Nov 27, 2001
Press Release
The World Trade Center is still burning - but the federal government is already wavering on its $20 billion commitment to help New York. We need the ALL federal aid we were promised - not next year, not next month, not tomorrow. We need it yesterday.

Today we delivered that message at New York's Penn Station. Then Congressman Nadler and I got on a train with two individuals whose livelihoods have been deeply affected by September 11. Eddie Rodriguez of Bridge Painters 806, and Paul Lee, a small business owner in Chinatown, have come to tell our leaders how much they need immediate assistance. Unfortunately, we left behind thousands of New Yorkers who lost their jobs because of September 11 - and couldn't afford a train ticket to come and tell their stories as well.

Right after the attacks, Congress passed - and the President signed - legislation authorizing $20 billion to fight terrorism and $20 billion for disaster relief mostly in New York City. But that $40 billion has now been allocated and New York only got $11 billion.

After this event, we will go to the Rules Committee to jointly support John Sweeney, who hopes to have a bi-partisan amendment brought to the floor that would achieve full funding.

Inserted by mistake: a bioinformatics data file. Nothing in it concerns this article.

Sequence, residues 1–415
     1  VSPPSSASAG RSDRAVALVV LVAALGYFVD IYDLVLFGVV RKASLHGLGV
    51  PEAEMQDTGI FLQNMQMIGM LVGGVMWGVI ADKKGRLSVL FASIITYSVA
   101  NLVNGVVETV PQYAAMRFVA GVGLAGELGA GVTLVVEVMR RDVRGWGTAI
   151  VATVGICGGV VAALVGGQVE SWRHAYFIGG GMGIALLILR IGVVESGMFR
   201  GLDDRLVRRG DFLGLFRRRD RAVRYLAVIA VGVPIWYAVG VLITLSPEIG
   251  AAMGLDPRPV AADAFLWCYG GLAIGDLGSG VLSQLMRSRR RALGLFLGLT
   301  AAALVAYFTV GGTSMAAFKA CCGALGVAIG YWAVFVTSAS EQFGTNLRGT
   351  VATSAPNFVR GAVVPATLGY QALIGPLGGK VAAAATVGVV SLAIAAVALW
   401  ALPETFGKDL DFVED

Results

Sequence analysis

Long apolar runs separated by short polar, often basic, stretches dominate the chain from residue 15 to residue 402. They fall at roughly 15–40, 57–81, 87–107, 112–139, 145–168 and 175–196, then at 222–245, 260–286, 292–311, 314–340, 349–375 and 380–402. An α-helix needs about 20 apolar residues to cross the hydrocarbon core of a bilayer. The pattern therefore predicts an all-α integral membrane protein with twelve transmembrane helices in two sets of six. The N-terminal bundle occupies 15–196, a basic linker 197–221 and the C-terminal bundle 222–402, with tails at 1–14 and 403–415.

What's at stake are the costs that don't fall neatly in the federal guidebook for disaster relief. Like money for hospitals that canceled elective surgery so they could treat victims. Like costs to utilities to rewire Lower Manhattan, which could be passed along to New Yorkers in the form of rate increases. Like many different kinds of costs in education.

We have unmet needs and unpaid bills. Here are some of the invoices for the Board of Education alone:

*$108 million dollars to make up lost classroom time for students in and around the frozen zone.
*$6.1 million in reimbursement for lost revenue for school food services caused by low attendance after September 11.
*$13.4 million for reimbursement for additional school-related expenses, including transportation, security measures, data infrastructure and other critical support services.

Parents and businesses are deciding to stay or leave New York right now, and the city's future hangs in the balance. At such a critical time, we shouldn't have to fight so hard for money that's already been pledged.